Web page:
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  1. Early warning indicators based on critical slowing down have been suggested as a model-independent and low-cost tool to anticipate the (re)emergence of infectious diseases. We studied whether such indicators could reliably have anticipated the second COVID-19 wave in European countries. Contrary to theoretical predictions, we found that characteristic early warning indicators generally decreased rather than increased prior to the second wave. A model explains this unexpected finding as a result of transient dynamics and the multiple timescales of relaxation during a non-stationary epidemic. Particularly, if an epidemic that seems initially contained after a first wave does not fully settle to its new quasi-equilibrium prior to changing circumstances or conditions that force a second wave, then indicators will show a decreasing rather than an increasing trend as a result of the persistent transient trajectory of the first wave. Our simulations show that this lack of timescale separation was to be expected during the second European epidemic wave of COVID-19. Overall, our results emphasize that the theory of critical slowing down applies only when the external forcing of the system across a critical point is slow relative to the internal system dynamics.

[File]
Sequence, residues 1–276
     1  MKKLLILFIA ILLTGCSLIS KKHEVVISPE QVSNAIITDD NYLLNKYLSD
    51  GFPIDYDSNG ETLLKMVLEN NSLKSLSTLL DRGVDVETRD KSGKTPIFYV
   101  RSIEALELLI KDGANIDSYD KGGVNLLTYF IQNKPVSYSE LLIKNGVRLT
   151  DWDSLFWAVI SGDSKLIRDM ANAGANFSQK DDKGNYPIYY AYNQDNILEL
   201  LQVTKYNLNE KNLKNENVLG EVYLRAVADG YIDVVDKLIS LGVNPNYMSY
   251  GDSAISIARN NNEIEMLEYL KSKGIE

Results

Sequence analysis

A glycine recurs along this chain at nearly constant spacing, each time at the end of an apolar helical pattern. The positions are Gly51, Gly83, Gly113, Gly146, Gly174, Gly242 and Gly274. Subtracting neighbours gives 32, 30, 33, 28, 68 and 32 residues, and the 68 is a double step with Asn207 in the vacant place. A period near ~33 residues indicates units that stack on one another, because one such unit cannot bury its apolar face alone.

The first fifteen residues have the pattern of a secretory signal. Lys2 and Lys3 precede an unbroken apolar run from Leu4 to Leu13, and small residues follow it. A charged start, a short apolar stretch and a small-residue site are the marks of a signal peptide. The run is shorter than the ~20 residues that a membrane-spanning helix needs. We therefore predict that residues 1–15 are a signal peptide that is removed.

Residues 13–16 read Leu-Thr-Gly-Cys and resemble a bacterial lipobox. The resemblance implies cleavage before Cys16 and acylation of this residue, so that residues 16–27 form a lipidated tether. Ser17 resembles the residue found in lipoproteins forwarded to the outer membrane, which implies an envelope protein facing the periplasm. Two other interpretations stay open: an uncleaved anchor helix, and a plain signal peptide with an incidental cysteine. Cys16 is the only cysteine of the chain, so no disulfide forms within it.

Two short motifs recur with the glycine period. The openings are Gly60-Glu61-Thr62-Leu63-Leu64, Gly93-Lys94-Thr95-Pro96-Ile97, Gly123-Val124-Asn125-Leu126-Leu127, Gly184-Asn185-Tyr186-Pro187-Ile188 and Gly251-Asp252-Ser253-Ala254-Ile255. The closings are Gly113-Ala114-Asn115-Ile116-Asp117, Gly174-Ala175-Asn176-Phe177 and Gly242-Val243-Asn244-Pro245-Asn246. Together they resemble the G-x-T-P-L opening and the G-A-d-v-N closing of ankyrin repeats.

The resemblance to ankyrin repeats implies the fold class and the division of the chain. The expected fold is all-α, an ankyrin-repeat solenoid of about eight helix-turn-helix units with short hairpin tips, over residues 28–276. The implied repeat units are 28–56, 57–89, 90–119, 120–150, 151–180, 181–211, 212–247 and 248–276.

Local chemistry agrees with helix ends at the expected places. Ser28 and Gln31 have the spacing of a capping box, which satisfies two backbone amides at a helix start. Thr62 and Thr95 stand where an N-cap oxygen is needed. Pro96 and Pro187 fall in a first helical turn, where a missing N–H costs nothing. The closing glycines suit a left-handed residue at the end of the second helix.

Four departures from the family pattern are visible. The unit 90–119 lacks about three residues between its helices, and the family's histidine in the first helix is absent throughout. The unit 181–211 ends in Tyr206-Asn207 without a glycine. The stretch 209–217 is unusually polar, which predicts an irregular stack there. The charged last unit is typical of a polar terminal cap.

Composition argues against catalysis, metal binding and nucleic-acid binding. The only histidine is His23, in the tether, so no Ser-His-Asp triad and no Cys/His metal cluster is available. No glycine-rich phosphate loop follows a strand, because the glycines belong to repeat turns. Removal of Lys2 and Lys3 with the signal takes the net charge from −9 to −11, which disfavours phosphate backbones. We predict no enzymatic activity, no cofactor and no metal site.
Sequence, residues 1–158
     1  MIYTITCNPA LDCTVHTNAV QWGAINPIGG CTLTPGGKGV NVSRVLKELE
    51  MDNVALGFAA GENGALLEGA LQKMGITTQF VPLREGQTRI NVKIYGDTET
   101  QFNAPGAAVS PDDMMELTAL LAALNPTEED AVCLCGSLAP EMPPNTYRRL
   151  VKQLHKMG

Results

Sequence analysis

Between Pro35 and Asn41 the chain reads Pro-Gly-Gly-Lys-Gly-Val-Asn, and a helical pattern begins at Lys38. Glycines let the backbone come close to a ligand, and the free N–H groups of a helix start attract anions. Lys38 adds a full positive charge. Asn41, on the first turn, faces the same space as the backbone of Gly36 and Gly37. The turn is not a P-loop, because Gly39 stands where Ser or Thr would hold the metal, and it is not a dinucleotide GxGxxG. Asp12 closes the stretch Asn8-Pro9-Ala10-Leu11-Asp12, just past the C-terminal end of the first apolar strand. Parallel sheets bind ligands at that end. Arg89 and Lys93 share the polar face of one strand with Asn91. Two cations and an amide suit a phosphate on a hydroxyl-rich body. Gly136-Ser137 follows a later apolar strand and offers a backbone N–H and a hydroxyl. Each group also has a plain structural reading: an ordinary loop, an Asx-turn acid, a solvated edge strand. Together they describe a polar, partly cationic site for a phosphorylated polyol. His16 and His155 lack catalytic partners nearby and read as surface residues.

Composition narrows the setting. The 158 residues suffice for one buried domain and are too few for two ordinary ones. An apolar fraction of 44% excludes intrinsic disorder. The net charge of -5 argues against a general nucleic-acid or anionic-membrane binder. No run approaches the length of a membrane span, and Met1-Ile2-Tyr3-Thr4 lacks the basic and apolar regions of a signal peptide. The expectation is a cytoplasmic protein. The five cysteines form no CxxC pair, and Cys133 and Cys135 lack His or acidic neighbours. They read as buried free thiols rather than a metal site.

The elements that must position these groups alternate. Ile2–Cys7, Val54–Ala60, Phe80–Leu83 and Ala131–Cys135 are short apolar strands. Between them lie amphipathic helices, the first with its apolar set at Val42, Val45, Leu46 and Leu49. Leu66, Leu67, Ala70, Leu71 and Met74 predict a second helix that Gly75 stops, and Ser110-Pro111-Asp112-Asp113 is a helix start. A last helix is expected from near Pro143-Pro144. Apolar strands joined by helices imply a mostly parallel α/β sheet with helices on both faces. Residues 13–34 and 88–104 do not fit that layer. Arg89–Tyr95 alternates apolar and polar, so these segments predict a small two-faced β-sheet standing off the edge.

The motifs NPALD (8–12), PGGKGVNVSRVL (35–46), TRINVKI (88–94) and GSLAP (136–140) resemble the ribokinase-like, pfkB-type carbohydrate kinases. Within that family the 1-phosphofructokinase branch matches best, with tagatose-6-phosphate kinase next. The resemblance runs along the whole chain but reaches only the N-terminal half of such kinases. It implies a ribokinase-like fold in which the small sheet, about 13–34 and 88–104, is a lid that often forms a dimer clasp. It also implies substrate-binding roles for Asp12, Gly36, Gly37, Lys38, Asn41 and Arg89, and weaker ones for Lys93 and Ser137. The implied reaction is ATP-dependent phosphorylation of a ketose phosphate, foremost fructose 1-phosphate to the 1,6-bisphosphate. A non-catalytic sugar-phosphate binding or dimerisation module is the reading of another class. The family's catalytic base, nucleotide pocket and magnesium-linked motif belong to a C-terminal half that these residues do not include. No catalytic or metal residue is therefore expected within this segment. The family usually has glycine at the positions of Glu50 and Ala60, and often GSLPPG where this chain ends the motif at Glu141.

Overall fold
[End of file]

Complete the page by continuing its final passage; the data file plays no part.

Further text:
2. Short-term forecasts of the dynamics of coronavirus disease 2019 (COVID-19) in the period up to its decline following mass vaccination was a task that received much attention but proved difficult to do with high accuracy. However, the availability of standardized forecasts and versioned datasets from this period allows for continued work in this area. Here, we introduce the Gaussian infection state space with time dependence (GISST) forecasting model. We evaluate its performance in one to four weeks ahead forecasts of COVID-19 cases, hospital admissions and deaths in the state of California made with official reports of COVID-19, Google’s mobility reports and vaccination data available each week. Evaluation of these forecasts with a weighted interval score shows them to consistently outperform a naive baseline forecast and often score closer to or better than a high-performing ensemble forecaster. The GISST model also provides parameter estimates for a compartmental model of COVID-19 dynamics, includes a regression submodel for the transmission rate and allows for parameters to vary over time according to a random walk. GISST provides a novel, balanced combination of computational efficiency, model interpretability and applicability to large multivariate datasets that may prove useful in improving the accuracy of infectious disease forecasts.